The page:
An industry, a transportation company and a brewery are all being courted by the Ogdensburg Bridge and Port Authority to set up shop in its heavy industrial park along Route 37.
The business and industrial prospects are the result of their exposure and response to a December 2012 marketing analysis. It was initially aimed at the Greek yogurt industry to consider Ogdensburg as a production center, but was distributed elsewhere.
OBPA Executive Director Wade A. Davis said Thursday that the prospects none of which he wished to explain in detail are six months away from a decision to commit or go elsewhere. The brewery, he pointed out, is a recent inquiry and is a maker of a nationally known brand.
Were working diligently on all of this, he said.
The 22-page analysis by DCG Corplan Consulting LLC promoted Ogdensburg as an ideal place to produce yogurt because of its proximity to dairy farms and, especially, to Canada and its expanding Greek yogurt market. Canadians, the report concluded, consume 33 percent more yogurt per capita than Americans.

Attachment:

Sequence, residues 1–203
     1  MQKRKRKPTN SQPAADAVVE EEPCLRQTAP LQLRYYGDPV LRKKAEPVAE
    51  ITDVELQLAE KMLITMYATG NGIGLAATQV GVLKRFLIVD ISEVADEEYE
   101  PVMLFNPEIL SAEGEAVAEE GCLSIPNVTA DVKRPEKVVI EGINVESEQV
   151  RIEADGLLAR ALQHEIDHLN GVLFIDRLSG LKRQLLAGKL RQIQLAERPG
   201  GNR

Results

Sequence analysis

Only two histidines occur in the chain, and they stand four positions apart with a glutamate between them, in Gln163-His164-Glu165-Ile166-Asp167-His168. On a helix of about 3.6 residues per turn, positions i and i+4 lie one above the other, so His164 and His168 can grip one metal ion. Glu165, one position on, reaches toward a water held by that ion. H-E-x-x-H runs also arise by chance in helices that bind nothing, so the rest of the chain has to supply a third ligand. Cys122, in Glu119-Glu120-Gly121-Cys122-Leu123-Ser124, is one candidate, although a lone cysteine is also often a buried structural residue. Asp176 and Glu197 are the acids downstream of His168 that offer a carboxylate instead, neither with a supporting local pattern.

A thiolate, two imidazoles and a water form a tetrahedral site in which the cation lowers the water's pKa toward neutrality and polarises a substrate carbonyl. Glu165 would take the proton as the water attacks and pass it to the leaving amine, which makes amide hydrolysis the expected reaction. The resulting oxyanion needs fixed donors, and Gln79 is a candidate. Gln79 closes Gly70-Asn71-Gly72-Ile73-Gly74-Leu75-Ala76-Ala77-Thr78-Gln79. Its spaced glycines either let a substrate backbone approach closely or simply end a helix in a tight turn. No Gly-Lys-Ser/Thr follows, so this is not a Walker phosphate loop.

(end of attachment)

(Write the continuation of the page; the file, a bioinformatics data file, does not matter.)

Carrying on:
But that market was closed by the Canadian courts after the report was released. Backed by an earlier court ruling, U.S.-based Greek yogurt maker Chobani was allowed to sell its product in Canada. A subsequent decision earlier this year, in an apparent nod to protectionist-minded Canadian Greek yogurt producers, shut down the Americans access.
Nevertheless, according to Mr. Davis, the Greek yogurt industry and Ogdensburg are a good fit.
There is no market to the north, he said. But there is a market to east, south and west.
Ogdensburgs advantages that can be applied to all four industrial prospects, Mr. Davis said, include:
■ A 70-acre shovel-ready site with water, sewer, electric and gas service.
■ A freight railway service along the side of the site.
■ The city water treatment plant that has a daily 6 million gallon capacity plus, if needed, an additional 3 million gallons a day.
■ The city sewage treatment plant that has a 20 million gallon-a-day capacity plus an additional 5 million gallons daily if necessary.
■ Reduced electricity costs through the five-year New York State Power Authority Preservation Power program.